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The Plain Dealer, More workers being cheated out of wages, experts say

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By Olivera Perkins
March 13, 2010, 2:24PM

The owner of the small nursing home wanted out. Owner Kay Justice left a letter to employees saying the place would close in a week. Then she vanished.

With her went Bonnie Lapinski's last paycheck and those of the 20 other employees at the Wellington Manor Nursing Home in Lorain County.

"We were assured we'd get paid, but I haven't seen anything, and that was in August," said Lapinski, a licensed practical nurse.

What happened to the Wellington Manor workers is commonly called wage theft: employees not getting paid for the work they perform. Some employers don't pay earned overtime. Some pay less than the minimum wage. Some require employees to keep working after forcing them to clock out.

Experts say wage theft has increased during this economic downturn as owners have had difficulty making the payroll.

The Legal Aid Society of Cleveland has seen its employment cases increase more than 15 percent in the past year, to nearly 730, said Melanie Shakarian, the group's development director. Wage theft cases tripled, she said.

Julie Clutter Cortes, a staff lawyer handling some of the cases, said the recession sparked many of the complaints.

"Businesses are having economic issues, and one of the first things some of them do is try to cheat their employees," she said.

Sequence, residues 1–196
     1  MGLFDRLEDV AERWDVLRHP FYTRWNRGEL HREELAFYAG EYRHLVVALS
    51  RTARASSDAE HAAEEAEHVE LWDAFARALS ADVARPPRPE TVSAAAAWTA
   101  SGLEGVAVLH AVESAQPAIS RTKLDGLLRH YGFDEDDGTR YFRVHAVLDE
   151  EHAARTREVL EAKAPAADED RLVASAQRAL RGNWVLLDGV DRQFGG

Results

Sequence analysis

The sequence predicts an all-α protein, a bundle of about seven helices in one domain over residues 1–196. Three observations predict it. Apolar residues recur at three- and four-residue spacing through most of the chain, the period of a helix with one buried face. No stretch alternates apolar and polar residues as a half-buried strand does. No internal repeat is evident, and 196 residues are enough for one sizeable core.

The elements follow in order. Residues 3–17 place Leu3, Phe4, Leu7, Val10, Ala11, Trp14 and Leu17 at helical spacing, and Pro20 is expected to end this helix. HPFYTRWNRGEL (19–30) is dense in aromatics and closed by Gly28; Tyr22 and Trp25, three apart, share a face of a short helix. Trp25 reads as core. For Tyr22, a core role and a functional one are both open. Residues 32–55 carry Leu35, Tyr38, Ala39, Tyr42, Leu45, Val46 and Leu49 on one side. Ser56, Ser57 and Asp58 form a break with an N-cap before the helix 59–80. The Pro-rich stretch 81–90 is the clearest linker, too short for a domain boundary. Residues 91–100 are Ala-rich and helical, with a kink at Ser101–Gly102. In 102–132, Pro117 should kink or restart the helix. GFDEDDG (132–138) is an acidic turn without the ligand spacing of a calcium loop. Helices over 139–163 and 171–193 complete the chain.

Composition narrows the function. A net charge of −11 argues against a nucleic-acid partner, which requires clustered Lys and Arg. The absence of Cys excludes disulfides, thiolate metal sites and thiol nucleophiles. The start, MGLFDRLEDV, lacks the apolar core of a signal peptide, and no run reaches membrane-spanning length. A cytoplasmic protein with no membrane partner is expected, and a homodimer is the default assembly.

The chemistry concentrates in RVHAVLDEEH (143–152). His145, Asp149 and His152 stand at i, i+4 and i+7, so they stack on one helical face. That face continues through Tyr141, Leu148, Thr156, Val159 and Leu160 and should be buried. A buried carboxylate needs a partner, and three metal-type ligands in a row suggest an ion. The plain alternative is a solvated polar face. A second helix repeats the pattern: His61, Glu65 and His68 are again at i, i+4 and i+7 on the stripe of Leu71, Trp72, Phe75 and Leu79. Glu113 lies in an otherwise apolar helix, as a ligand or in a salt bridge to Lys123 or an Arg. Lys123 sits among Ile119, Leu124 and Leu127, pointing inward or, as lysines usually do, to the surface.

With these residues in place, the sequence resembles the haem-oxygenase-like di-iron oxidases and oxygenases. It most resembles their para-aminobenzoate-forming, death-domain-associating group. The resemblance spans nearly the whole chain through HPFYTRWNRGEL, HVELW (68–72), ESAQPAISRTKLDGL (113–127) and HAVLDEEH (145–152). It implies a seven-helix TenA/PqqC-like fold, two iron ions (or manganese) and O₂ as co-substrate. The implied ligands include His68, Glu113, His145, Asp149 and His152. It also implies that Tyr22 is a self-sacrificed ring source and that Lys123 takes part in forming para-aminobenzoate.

But not everyone agrees that employers are solely at fault. Some say increased complaints and lawsuits have more to do with workers, prodded by lawyers, trying to get money from employers.

"These cases are going up across the board, and it is not clear that there is any increased violation going on as opposed to a more aggressive plaintiff's bar that has been pursuing these cases," said Jonathan Keselenko, a partner in the Foley Hoag LLP law firm in Boston and co-founder of the Wage and Hour Defense Institute, an advocacy organization of lawyers representing employers on such issues.

Many Fortune 500 companies have been targets, including Wal-Mart, Keselenko said. Last year, the world's largest retailer agreed to pay up to $85 million to settle a suit brought by employees who claimed they were denied overtime pay and breaks.

The Bureau of Labor and Worker Safety, part of the Ohio Department of Commerce, handles cases involving wage theft cases involvling minimum wage, prevailing wage on public projects and overtime.

Most of the department's wage theft workload involves minimum wage, which stands at $7.30 an hour in Ohio. After voters approved a minimum-wage increase in 2006, complaints jumped by nearly 85 percent the first year, to 695.

The spike was predictable, but the cases didn't drop dramatically the next year. Complaints were up nearly 60 percent to 1,104 during fiscal year 2008 and dropped by only about 75 cases in fiscal 2009.

Even though complaints slipped slightly, the amount employers paid in fines and back wages increased. In fiscal 2009, complaints brought in nearly $582,000, a 7 percent increase from the year before and a nearly 500 percent increase from 2006.

Dan Belville, chief of the labor relations section for Ohio Attorney Richard Cordray, said employees of failed entrepreneurial ventures bring many claims.

"The trend we are finding is that more and more small businesses -- Mom and Pop shops -- are going under right and left," he said.

Cases in Northeast Ohio range from big companies to small. Several have hit the headlines recently:

•Inkstop, a Warrensville Heights company, had 450-plus employees and more than 150 stores in 14 states before abruptly closing last October. The defunct company still owes former employees $1.1 million in wages -- including final paychecks -- vacation pay and expense reimbursements to 456 employees, according to filings in U.S. Bankruptcy Court.